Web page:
The Federal Trade Commission completed an investigation of Apple after receiving many complaints from the general public who have Apple products and stated that their applications lacked privacy disclosures. The Federal Trade Commission issues an administrative complaint when they have reason to believe that a company is violating a law, and it appears to the commission furthering their investigation is what is best for the public interest. This issue was brought to the Federal Trade Commission because people felt they were in violation of the Federal Trade Commission Act and the Children’s Online Privacy Protection Act (COPPA). The Children’s Online Privacy Protection Act states that parents should have control over what information websites are able to collect from their children, specifically under thirteen years of age.
Apple has many third party applications available on their phones such as games and books. Eight thousands of these applications were found to contain the word “kid” according to the Federal Trade Commission. Applications having this word in them are targeted towards children who legally shouldn’t be able to purchase them. Without having parental consent for purchasing these applications it has led to children racking up their parents phone bills and making unauthorized purchases. The fact that it is so easy to purchase these applications has led to some people having charges on their phone bills ranging from $.99 to $99.99 per application. One consumer in particular had her daughter charge $2,600 in one application, “Tap Pet Hotel”, and was not refunded for the charge. When purchasing these applications you need to go into a sign in process to access your account saying you will pay for these applications. The problem people were having with this process was that there was a fifteen minute window where once you purchased an application others could also be purchased without having to sign in again for each one and many people didn’t know about this window. This led to more applications being purchased, and children adding tokens to different games that cost money as well after their parents had purchased a game for them.
When the investigation was conducted by the Federal Trade Commission out of all the applications targeting children, only 76% of the applications were requiring at least one permission to run and required the parents to trust its application screening process. Even though this is a good percentage of the applications, it should be all of them because of the Children’s Online Privacy Protection Act, and many only require a one-time permission so children could still purchase things like the tokens. The Association of Competitive Technology agreed with the investigation of the Federal Trade Commission and they as well had the same concerns with the mobile applications. The investigation found that the customers of Apple had been filing complaints with the company since March 2011.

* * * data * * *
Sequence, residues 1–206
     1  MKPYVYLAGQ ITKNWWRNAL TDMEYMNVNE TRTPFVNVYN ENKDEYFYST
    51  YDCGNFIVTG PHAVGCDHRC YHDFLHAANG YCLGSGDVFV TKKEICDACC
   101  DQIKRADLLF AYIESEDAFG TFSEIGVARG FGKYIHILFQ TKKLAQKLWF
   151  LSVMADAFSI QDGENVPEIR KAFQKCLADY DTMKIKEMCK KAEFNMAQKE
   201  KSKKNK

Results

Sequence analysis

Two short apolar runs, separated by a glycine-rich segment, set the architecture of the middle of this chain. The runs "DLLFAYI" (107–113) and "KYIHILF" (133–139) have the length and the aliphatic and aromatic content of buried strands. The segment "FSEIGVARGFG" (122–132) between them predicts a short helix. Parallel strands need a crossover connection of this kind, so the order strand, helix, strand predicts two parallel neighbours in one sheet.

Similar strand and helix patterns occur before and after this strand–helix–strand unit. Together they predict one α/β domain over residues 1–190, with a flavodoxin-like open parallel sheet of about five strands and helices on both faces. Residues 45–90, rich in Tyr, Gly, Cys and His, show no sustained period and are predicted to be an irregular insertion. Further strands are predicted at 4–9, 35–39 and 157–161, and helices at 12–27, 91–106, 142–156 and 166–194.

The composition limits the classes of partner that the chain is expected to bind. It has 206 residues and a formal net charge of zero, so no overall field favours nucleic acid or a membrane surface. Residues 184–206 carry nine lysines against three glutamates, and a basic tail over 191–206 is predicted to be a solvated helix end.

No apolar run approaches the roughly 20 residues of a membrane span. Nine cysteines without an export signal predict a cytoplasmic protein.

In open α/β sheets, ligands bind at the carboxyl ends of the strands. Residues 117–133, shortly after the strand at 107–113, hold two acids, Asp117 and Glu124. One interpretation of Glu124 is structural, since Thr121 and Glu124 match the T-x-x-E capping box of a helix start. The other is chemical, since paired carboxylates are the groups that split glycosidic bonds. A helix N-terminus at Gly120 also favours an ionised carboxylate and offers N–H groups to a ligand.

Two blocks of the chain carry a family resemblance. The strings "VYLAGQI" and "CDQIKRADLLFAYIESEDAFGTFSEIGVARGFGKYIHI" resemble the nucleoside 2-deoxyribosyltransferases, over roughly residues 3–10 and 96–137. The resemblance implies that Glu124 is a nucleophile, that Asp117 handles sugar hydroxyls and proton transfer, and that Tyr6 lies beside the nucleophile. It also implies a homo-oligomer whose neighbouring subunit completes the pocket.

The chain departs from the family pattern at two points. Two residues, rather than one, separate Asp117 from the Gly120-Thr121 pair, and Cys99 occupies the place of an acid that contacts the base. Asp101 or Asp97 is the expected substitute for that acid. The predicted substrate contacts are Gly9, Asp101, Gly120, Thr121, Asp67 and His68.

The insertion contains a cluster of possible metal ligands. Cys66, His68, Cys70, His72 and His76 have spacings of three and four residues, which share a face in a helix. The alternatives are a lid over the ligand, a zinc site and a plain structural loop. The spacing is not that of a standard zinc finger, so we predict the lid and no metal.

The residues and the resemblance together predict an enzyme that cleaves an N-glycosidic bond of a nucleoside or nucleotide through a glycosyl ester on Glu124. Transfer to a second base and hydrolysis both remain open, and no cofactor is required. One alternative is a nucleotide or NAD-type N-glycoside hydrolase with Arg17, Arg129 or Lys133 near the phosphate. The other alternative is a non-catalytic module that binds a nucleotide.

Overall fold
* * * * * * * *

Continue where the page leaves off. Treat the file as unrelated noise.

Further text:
There are two arguments regarding these issues with the Apple store applications, and depending on the side the issues vary widely. Apples didn’t really have much of an argument against the investigation of the company, but it continued to stand by the fact that the company was working on correcting the privacy issues and it wasn’t refunding the parents for the charges that their children had made. The complaints made to the Federal Trade Commission were first heard by Apple from many customers, with no resolve. The Federal Trade Commission was stating they were in violation of the Federal Trade Commission Act and the Children’s Online Privacy Protection Act and owed the people a refund of their unauthorized purchases, because of their lack of knowledge. This side of argument was both the Federal Trade Commission’s standing and the consumers.
Although these were the two sides of the argument there were many